How to you start/structure class?

Discussion in 'Secondary Education' started by chemistrynerd, Jul 14, 2014.

  1. chemistrynerd

    chemistrynerd Rookie

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    Jul 14, 2014

    One thing I am doing this summer is planning out how to start & structure my class this year. Some days are easy (like with longgg labs because they take the entire block) but some other days are harder when we aren't doing a long lab. How do you start your class? Bellringers? How do you structure your class (we teach 90 min blocks)?
     
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  3. nyteacher29

    nyteacher29 Comrade

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    Jul 14, 2014

    I follow the workshop model. I always start a lesson with a do now...either a review question or a question for students to think about or even a true or false. The questions usually ask students to talk in their groups and are often open ended questions. I end with self reflections, students respond to either 1. Today I learned.... 2. I wonder.... 3. I am still confused about
     
  4. dgpiaffeteach

    dgpiaffeteach Aficionado

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    Jul 14, 2014

    Bell ringers-journals, grammar questions, review time, independent reading, etc... They are great!
     
  5. Rockguykev

    Rockguykev Connoisseur

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    Jul 14, 2014

    I do not understand how any secondary class starts without an immediate task no matter what you call it.

    For my kids they copy the daily agenda, set up their paper for the day and complete some kind of task (often adding interactions to their previous notes) that sets them up for the period.
     
  6. ku_alum

    ku_alum Aficionado

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    Jul 14, 2014

    Bellwork ...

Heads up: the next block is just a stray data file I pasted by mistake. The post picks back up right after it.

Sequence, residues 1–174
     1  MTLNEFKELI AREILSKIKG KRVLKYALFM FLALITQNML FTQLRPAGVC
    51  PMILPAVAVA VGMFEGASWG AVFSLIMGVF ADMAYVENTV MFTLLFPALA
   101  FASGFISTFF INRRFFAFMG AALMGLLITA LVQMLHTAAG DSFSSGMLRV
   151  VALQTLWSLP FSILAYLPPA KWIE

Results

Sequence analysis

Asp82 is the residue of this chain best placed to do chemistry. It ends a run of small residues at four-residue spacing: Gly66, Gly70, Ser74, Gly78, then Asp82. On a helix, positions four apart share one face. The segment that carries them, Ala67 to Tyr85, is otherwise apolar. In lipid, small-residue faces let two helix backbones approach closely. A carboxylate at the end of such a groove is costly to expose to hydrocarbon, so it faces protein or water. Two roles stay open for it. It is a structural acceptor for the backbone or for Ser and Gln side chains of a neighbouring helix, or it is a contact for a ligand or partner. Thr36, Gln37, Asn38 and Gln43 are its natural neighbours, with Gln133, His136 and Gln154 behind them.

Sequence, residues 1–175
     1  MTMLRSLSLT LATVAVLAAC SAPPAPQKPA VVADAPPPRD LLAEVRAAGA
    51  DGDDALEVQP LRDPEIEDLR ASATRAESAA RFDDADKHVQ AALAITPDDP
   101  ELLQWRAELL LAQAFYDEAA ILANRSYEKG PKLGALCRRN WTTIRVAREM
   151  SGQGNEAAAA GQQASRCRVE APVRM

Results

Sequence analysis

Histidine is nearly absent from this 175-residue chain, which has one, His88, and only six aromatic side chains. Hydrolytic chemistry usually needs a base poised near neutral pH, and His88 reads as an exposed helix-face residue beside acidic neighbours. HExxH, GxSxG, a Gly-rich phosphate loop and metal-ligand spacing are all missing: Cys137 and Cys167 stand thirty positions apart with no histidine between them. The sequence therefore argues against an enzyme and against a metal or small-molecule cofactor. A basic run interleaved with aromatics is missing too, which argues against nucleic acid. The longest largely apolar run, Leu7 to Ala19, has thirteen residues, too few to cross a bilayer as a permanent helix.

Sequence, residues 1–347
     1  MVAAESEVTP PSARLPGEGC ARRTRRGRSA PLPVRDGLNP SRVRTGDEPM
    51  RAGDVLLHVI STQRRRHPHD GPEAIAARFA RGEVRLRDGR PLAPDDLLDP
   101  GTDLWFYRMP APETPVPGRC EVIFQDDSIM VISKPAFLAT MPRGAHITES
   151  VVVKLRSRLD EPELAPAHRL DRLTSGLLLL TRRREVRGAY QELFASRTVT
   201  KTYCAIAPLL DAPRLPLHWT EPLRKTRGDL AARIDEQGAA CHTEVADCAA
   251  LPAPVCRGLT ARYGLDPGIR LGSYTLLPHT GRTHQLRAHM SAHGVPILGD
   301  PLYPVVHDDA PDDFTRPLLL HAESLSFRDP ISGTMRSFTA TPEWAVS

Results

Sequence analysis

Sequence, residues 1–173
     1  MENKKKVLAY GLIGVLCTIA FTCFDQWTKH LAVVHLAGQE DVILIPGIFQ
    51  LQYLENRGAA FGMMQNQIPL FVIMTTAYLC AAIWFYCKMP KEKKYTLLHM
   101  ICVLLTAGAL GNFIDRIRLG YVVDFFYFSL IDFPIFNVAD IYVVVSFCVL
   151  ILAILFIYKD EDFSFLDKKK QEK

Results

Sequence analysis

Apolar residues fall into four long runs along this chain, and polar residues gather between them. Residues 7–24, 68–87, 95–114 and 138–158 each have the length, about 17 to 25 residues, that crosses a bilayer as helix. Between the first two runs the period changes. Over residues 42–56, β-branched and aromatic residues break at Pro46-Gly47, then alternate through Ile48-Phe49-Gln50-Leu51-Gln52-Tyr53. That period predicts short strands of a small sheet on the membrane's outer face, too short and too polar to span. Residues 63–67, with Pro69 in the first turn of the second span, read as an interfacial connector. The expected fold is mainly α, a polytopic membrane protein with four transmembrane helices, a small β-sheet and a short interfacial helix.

We are 1:1. Not all of my students had their laptops on before they show up in my class. It takes 10 minutes for everyone to get laptops up and running. So, my bellwork is in interactive notebooks. We do vocab, writing, grammar, etc.
     
  7. HistoryVA

    HistoryVA Devotee

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    Jul 14, 2014

    5 min to get prepped, turn in homework and review notes. Then, straight into a quiz, followed by a warm up question.
     
  8. Linguist92021

    Linguist92021 Phenom

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    Jul 14, 2014

    Always start with a bellringer / warm up, whatever you call it.
    The rest will depend on the subject, school, age group, etc.
    I was trying to get a closure included, but never really got to it, but I wasn't too obsessed by it. I got to teach everything I planned within the class period, it lead up to to almost the last minutes (bell to bell instruction) with enough time and remembering to have students turn in their folder and clean up for the next class.
     
  9. Peregrin5

    Peregrin5 Maven

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    Jul 14, 2014

    We have 50 minute classes so it might be different, but my day's structures are always the same.

    1. Kick-off (they do this immediately, and silently and while they do, I take roll and check off homework)
    2. Teacher led instruction (this is something that I do; like notes, explaining how to do the lab; describing what they're going to do in detail, etc.)
    3. Student-led investigation (they explore something in groups, partners, or individually)
    4. Individual practice (I like to end my days on a quieter note, so they finish off the period by working on their assignments, which if it's a lab, finishing the lab analysis, if we learned a math skill, practicing it, if we did notes, completing a summary or a reading guide)
    5. Clean-up (which they have to do before they leave)

    These are very broad categories of activities and they match pretty much anything. While the structure doesn't seem obvious to the students, they feel it there.
     
  10. abat_jour

    abat_jour Companion

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    Jul 16, 2014

    I followed that generally for my 46 min student teaching but now on 90 min block....unsure how to proceed.
     
  11. greendream

    greendream Cohort

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    Jul 16, 2014

    I guess I'm the only one who doesn't do the bellringer.

    My kids come in, socialize until the bell rings, and then I say something like, "All right, let's get started." I like to start off with a question. "What do you know about Russia?" for example. Hands go up, responses lead to other questions, and then we get into an in-class reading or an activity.

    edit: I should have said I teach English.
     
  12. Linguist92021

    Linguist92021 Phenom